Dunleavy says PFD repayment would come as cash, not land as rumored

Republican Governor-elect Mike Dunleavy answers questions from reporters after announcing his transition team at the Alaska Miners Association conference on Nov. 8, 2018. (Photo by Matt Buxton/TMS)

ANCHORAGE—Republican Governor-elect Mike Dunleavy said his campaign promise to return the dividends that were either vetoed or reduced by the Legislature will be in cash and not land as had been rumored in the final days of the election.

Dunleavy’s core campaign promise has been to pay dividends under the full statutory amount set before it was altered by the Legislature earlier this year amid the state’s financial woes as well as return the dividends cut in previous years. The amount estimate comes to a roughly $6,700 payout next year.

Doubts about the Republican’s plans for the dividend emerged late in the race that ranged from the financial reality of making such a payment (about $4.3 billion to $4.5 billion) to the political reality in a Legislature that had just voluntarily reduced the dividend through legislation (the House Republicans wouldn’t commit to either plan on Wednesday).

A last-minute rumor emerged that suggested Dunleavy—who had admitted in the final days of the race that a full PFD might not be doable long-term—would instead seek to offer land in place of part of the repayment.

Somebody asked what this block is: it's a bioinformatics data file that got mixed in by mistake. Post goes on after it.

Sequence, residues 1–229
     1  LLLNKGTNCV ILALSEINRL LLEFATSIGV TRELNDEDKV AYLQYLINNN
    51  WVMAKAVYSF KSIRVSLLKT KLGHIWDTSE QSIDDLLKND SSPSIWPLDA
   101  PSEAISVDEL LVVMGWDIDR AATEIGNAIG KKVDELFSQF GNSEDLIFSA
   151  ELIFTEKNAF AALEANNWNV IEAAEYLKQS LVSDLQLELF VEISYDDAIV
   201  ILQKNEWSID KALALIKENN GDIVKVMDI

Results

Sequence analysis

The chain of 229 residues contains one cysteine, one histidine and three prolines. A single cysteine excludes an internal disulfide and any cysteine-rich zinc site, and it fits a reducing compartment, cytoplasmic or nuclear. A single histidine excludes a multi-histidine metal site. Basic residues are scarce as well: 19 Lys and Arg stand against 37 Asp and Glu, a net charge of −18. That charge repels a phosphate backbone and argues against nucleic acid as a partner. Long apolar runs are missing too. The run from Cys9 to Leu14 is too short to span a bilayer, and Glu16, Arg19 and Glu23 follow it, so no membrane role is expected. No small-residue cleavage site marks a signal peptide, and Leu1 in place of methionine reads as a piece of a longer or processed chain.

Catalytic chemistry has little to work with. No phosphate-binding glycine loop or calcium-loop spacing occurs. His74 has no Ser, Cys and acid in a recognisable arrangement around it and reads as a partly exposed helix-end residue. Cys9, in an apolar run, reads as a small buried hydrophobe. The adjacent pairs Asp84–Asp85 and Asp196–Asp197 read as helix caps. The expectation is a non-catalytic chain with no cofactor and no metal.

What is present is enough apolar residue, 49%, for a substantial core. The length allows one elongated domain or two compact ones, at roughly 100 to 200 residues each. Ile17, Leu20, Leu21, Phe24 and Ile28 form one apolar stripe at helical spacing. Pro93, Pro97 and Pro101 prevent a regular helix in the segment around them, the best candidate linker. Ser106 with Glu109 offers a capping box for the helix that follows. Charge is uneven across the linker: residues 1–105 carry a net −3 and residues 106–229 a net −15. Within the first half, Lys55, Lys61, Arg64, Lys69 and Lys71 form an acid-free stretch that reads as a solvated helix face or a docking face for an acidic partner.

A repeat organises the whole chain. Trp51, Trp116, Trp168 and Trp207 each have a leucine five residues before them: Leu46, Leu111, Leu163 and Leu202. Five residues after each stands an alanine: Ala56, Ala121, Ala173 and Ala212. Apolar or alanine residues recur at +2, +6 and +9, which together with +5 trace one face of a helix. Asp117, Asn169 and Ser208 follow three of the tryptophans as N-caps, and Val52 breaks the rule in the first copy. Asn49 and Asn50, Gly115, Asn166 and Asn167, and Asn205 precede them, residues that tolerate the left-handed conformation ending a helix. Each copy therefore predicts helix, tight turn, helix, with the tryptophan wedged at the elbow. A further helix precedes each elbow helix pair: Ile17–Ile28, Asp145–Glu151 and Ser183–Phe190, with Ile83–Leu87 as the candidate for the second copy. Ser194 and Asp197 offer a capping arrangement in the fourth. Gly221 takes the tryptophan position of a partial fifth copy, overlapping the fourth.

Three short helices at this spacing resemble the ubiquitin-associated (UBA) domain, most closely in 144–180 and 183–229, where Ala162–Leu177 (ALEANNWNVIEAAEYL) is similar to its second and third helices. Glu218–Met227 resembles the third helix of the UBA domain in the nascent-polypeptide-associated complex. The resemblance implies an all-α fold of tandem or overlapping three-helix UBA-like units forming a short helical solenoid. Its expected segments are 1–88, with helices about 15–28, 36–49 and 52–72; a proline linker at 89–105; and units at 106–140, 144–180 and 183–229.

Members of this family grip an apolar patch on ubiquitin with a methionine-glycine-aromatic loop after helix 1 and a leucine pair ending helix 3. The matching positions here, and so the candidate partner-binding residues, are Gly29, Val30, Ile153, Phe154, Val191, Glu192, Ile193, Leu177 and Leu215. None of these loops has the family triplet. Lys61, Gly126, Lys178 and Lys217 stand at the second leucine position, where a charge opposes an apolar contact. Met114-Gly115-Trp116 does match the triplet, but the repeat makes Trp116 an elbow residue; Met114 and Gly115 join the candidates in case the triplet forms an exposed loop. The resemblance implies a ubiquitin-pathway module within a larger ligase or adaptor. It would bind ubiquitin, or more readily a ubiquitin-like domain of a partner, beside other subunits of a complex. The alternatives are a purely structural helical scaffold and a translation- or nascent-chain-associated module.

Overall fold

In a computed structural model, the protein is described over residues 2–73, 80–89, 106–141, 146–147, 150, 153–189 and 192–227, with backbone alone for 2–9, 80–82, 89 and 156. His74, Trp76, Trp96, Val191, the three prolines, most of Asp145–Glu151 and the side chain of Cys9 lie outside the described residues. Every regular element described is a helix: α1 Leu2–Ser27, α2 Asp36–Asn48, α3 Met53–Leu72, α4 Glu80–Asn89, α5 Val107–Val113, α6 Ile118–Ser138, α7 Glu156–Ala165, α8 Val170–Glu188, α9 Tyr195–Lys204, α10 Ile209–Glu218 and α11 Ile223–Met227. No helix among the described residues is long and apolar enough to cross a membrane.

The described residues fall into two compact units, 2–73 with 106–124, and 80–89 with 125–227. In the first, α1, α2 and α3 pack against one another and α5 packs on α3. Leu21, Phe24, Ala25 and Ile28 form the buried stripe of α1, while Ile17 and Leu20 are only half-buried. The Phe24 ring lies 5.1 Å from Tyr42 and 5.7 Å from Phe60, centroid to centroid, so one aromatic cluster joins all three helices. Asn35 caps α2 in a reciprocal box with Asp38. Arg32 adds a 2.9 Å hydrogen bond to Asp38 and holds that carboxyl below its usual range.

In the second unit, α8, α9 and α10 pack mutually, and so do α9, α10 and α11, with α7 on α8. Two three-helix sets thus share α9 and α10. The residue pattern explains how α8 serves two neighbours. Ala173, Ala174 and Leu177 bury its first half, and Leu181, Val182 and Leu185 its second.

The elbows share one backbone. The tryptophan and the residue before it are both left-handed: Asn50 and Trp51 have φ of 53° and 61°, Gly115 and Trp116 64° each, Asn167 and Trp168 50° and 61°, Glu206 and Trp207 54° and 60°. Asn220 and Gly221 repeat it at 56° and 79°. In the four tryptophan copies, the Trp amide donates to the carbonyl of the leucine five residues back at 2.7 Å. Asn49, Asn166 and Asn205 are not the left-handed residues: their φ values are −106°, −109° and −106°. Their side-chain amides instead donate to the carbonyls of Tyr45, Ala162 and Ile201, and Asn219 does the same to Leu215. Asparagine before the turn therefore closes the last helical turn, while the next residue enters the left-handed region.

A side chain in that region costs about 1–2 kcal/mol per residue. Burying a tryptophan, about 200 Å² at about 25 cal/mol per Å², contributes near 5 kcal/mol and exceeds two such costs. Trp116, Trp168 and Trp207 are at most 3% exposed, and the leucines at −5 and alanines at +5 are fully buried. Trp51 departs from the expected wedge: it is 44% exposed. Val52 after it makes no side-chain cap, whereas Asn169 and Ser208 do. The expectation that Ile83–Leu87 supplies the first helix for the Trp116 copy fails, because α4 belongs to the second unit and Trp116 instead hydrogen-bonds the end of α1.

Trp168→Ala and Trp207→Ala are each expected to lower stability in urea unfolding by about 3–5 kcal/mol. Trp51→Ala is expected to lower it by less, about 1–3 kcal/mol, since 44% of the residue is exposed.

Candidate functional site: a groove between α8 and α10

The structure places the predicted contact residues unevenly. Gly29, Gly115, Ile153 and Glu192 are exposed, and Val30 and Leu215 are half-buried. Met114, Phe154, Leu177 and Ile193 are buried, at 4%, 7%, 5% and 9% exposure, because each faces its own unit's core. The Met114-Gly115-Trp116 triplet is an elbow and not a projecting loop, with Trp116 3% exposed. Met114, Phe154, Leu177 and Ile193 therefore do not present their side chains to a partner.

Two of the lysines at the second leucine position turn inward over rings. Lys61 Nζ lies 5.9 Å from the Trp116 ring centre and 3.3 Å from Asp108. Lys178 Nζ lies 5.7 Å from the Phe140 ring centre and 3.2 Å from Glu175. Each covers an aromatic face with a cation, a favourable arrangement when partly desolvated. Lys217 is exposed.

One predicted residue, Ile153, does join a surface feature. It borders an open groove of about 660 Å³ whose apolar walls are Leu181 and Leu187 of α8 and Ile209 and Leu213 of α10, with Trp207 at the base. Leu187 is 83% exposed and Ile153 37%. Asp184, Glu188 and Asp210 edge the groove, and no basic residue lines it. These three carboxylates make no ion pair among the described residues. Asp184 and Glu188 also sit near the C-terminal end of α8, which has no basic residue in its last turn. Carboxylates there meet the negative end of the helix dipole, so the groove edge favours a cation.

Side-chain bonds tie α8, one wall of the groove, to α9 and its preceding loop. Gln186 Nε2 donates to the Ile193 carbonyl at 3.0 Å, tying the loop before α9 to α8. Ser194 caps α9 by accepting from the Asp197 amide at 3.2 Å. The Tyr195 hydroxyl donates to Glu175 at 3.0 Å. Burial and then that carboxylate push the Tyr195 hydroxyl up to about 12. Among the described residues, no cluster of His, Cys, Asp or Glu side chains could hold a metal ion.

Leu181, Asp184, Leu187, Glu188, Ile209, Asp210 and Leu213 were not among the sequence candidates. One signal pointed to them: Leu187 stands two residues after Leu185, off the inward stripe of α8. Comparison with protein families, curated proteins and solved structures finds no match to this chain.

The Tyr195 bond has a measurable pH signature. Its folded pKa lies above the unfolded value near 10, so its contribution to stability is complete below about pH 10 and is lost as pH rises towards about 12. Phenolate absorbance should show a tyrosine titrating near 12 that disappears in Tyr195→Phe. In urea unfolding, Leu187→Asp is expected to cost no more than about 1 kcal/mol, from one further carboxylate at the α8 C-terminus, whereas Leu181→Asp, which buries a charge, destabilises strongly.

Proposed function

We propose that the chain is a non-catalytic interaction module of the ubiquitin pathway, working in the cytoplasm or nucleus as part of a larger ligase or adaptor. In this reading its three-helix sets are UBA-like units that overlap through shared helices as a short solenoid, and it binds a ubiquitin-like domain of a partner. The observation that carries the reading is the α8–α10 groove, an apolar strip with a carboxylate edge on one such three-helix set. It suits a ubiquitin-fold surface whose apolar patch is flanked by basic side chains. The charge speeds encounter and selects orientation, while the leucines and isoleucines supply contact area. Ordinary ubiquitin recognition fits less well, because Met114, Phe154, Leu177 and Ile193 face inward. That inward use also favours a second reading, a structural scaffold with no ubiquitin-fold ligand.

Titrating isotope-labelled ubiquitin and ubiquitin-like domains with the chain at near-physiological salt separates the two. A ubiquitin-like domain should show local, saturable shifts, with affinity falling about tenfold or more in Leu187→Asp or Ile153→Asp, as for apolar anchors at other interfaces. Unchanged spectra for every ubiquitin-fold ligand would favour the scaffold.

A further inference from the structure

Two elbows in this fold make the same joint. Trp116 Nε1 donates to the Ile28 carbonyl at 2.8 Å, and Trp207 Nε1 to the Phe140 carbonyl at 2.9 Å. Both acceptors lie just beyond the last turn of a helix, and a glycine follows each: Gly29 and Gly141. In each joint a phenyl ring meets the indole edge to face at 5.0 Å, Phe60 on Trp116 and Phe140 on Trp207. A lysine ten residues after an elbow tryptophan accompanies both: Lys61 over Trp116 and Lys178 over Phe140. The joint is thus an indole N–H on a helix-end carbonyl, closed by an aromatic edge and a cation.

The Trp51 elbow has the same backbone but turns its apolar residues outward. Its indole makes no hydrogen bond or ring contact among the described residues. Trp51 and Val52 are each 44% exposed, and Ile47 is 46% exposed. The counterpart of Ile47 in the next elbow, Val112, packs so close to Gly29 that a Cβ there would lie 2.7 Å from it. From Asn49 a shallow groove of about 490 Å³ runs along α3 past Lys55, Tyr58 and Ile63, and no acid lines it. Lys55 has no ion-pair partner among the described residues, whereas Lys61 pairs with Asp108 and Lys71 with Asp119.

Speaking with reporters after he announced the framework of his transition team at the Alaska Miners Association Conference, Dunleavy said the payment will be in cash but that he is interested in pursuing a project to move public land into private ownership.

“My goal is that the PFD is paid in cash,” he said. “We are working on some ideas regarding land. We have 100 million acres of land and very little of it is in private hands. We’ve got to make a decision as a state as to what we want to do with our own state land.”

He said such a program would be separate from the PFD payment. When asked about how he’d go about funding the PFD, he said it would come out of the Alaska Permanent Fund’s $19 billion earnings reserve account, which is one of the state’s last remaining accounts that can be tapped with the approval of a majority of legislators in each chamber.

Transition team

The main purpose of Thursday’s event was Dunleavy’s announcement of the framework of his transition team. He has appointed Alaska Republican Party chair Tuckerman Babcock as the transition team chair and said he will stay on in the administration as his chief of staff.

Campaign manager Brett Huber is slated to stay with Dunleavy, serving as a senior policy director for the administration. Mary Ann Pruitt will come on as the transition team’s administrative director, Sarah Erkmann Ward will come on as communications director, Kristie Babcock will come on as scheduling director, Stacey Stone-Semmler will work as legal counsel and Gina Ritacco will serve as the team’s director of boards and commissions.

In his first public speech since Democrat Mark Begich conceded the race, Dunleavy thanked the Alaska Miners Association for helping him achieve the victory and said that a top priority will be to usher in new mines.

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